Northumberland slashes waste services budget
Northumberland county council is set to carry out a raft of cuts to its waste service, including the removal of glass collections at the kerbside, in a bid to slash £547,000 from its 2010/11 budget.
Although the service was well received the decision to withdraw this scheme came as part of the difficult decisions the council has had to make
Northumberland county council
The move, which comes as part of a wider exercise to achieve £16 million in savings across local authority services, is set to see residents charged for replacement bins, cessation of subsidies for home composting bins and reduction in street scene and administration staff.
Among the measures undertaken by the unitary authority is the withdrawal of the kerbside glass collection service in the former council areas of Alnwick and Castle Morpeth, which will be carried out for the last time this week (May 3-10).
The service currently caters for 7,600 households out of 145,382 households in Northumberland and the council claimed it was a “very expensive way of recycling glass” that could not be rolled out to the entire council area.
It is hoped that removal of the service will net the council £105,000 in savings for 2010/11and comes shortly after the council closed the Seghill household waste and recovery centre.
Closure of the Seghill site, which was managed by the council's waste contractor SITA UK, took place earlier this month and is intended to save around £120,000 for the 2010/11 budget.
Speaking about the glass service change, a spokeswoman for the council said: “Although the service was well received the decision to withdraw this scheme came as part of the difficult decisions the council has had to make in their efficiency savings of over £16 million for 2010/11.”
The council achieved a 38.34% recycling and composting rate in 2008/09, but, minutes from a meeting of the full council in February 2010 acknowledge that withdrawal of the glass collection service could potentially lead to a decrease in this rate.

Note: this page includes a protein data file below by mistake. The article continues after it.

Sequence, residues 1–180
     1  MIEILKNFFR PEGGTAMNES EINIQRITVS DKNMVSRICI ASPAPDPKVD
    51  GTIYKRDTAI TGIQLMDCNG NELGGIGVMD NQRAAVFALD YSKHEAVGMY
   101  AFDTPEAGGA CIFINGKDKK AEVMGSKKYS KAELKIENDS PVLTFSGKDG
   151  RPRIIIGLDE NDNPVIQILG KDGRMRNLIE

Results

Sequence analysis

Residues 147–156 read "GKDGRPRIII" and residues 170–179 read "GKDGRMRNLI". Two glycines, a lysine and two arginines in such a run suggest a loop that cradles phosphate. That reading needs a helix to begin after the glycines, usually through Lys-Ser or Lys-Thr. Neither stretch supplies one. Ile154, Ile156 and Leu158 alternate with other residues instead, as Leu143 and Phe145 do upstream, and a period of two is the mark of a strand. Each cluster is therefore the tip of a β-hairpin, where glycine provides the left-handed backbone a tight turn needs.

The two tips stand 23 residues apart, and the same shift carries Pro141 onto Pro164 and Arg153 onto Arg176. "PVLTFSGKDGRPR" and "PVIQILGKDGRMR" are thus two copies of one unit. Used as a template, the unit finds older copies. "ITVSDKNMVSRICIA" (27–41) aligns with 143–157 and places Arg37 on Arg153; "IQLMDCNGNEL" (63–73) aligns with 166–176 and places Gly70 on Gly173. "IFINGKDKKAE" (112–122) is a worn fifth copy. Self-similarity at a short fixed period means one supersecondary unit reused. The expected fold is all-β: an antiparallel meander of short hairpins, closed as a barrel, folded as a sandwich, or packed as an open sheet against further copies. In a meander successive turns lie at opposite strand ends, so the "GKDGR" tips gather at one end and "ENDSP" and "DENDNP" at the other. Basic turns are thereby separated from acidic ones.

In the minutes, the county council explains that by removing the service: “The county's overall recycling rate may therefore be reduced by ~1% which could result in stretched CAA [Comprehensive Area Assessment] recycling targets not being achieved and performance reward funding being lost.”
The CAA, which is the Audit Commission's annual indicator of performance for local authorities, has set a 43% recycling target for Northumberland in 2010/11, rising to 45% in 2011/12.
Residents are being urged to hold onto their kerbside box for glass recycling to enable them to make use of glass bottles banks and the 12 remaining household waste and recycling centres in the unitary authority area. However, the council has said it will remove unwanted boxes upon request.
In total, the council has identified £607,000 worth of potential savings in the area of waste and recycling – taking into account the closure of Seghill and the removal of kerbside glass collections – in an internal document seen by letsrecycle.com, which include:
Rationalisation of bring sites – £10,000
Route optimisation savings – £200,000
Reduction in street scene and administration – £21,700
Charging collection fees for Schedule 2 premises – 15,000
Reduce Recycling Credits payments – £24,000
Increase green waste collection charges by £5 – £60,000
Charge for all replacement bins – £20,000
Cease subsidies of composting bins – £26,000
Removal of kerbside glass collection – £105,000
Closure of Seghill waste and recovery centre – £120,000
A spokesman for the council confirmed that the charges for green waste collection were not set to be increased and would remain at £20 per 240 litre wheeled bin from “the start of March through to the end of November 2010″.
“Of the items on the list for waste the only one that did not go through was the increase in garden waste charges – all the rest were approved and have been or are in the process of being implemented in 2010/11,” he said.
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